1. Take a multi-signal approach – it’s not all about the links, not all about social signals, not all about content, but it is all about getting that mix of multiple quality signals that Google needs to see.
  2. Engaging content – content needs to be more than just keywords. Content needs to be engaging and trustworthy if it hopes to be Panda proof and shared socially by customers and taste setters.
  3. Click through optimisation – Google’s results are now far beyond 10 blue links and as the engine rolls out greater personalisation, contextual, multi-media and author integration there are significant wins to be had by deploying SEO techniques that can increase the amount of qualified clicks a search result enjoys even if its average position remains the same.
  4. Voice – The ability to say “Look at this engaging content” to customers; the ability to reach out to a blogger or a site owner with some interesting news, or to have a dialogue with a taste setter, etc. SEO campaigns should be designed to work with whatever Voice the brand or the agency can muster and to help increase Voice for the next campaign or round of engagement.
Bryan Adams, managing director, Ph.CreativeThe Panda updates have been introduced in a bid to improve the customer experience of a website and so new key metrics, such as load speed, bounce rate and social recommendations, are now more important than ever. Google has made over 80 changes to the algorithm in the last three months alone, which is unprecedented. To avoid tweaking a website each time a change is made, we’d strongly advise businesses to focus on achieving the final outcome that these updates are working towards - i.e. providing real value to visitors by offering unique, engaging content which satisfies their immediate needs. In terms of best practice and improving search rankings, acquiring ‘real’ external links, won on merit, will prove to be most fruitful going forward. In short, Google is making it harder for companies to cut corners, but if businesses play by its rules then they won’t go far wrong. It’s not easy and it does take hard work, but why should it be easy? The days of buying links are fading away very quickly and the result will mean better content for the 300 million people searching Google on a daily basis.”Tina Judic, managing director, FoundThe aim for all marketers should not be to ‘fix’ Panda, but to aim for Panda to fix their site, their business model and their SEO efforts. The rollout of Panda was to provide even greater user experiences for customers who engage through Google and to further eliminate poor quality, content-poor websites from search rankings. It is now even more important than ever to update sites regularly with great content - not just okay content – but really great content. With the Panda updates having a considerable effect on low quality-designed websites with farmed content, it is also more important to have well respected authors who regularly contribute articles to your site. Adam Skalak, SEO Director, iCrossingThe Panda update was implemented in the UK in April 2011 with several updates rolled out since its launch. Google’s goal with this update was to weed out sites that provide very little, often poor quality, content which results in poor user experience for the searcher. The Panda algorithm was designed to identify mainly onsite factors however a large part of Google’s algorithm is based on offsite factors such as hyperlinks from third party sites. So, while Panda has been dealing well with poor quality pages since April last year (affects 12% of all queries), a few months ago Google started working on a different algorithm. This “over-optimisation” algorithm was recently launched (24th April) and is designed to target SEO spam tactics such as keyword stuffing and artificial link schemes with no or little editorial weight.When both of these updates are implemented, in order to maximise search experiences, marketers need to ensure that their vita landing pages contain unique and high quality content. The question every marketer needs to ask is: “If a searcher lands on my landing page, am I answering customer queries or satisfying their needs? Is this the case for all my landing pages that I am promoting?” At iCrossing we conduct page level analysis and score all pages that our clients are looking to promote through SEO. The second question to ask is: “Do I have enough interesting content available on my website for people to link to?” When you are building new pages, put yourself into blogger’s shoes and ask: “What is unique and interesting about this page that bloggers would find interesting to link?”To download a copy of the full report, click below.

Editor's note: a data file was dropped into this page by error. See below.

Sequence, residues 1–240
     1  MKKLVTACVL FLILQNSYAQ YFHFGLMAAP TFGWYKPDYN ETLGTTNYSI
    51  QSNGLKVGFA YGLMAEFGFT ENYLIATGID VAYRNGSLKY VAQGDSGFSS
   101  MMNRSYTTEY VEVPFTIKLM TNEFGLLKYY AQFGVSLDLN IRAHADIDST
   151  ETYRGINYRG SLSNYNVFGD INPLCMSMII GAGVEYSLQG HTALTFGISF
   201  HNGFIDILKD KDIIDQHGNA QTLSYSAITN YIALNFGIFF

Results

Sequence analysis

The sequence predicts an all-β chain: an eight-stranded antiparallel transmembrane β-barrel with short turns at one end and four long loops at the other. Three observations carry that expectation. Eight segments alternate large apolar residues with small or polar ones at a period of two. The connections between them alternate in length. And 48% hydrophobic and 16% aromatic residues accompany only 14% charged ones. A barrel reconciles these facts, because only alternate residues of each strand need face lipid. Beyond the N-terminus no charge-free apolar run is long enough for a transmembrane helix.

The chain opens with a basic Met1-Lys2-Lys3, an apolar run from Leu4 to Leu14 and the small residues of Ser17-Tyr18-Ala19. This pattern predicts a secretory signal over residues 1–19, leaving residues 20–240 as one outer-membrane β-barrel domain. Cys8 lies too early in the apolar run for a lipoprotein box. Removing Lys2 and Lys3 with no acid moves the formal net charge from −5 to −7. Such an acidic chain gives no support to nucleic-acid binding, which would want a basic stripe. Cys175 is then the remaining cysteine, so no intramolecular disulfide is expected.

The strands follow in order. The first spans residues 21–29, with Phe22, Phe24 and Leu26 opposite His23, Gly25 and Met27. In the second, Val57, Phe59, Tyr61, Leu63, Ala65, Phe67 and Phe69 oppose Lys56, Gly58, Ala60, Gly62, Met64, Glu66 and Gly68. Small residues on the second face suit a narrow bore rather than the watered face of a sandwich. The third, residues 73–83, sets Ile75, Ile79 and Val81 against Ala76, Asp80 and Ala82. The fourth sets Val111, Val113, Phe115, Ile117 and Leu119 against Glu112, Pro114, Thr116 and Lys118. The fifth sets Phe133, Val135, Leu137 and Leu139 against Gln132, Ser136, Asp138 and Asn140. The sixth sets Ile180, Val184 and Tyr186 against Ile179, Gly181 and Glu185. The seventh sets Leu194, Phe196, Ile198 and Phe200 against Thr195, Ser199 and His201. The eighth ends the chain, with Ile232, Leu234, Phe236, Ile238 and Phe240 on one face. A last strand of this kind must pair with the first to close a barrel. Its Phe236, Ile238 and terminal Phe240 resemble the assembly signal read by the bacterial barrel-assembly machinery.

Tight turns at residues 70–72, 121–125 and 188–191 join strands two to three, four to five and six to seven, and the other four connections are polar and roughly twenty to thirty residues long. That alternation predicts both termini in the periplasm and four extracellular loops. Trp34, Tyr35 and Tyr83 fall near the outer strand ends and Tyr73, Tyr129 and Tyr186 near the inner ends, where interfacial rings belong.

Google SEO Search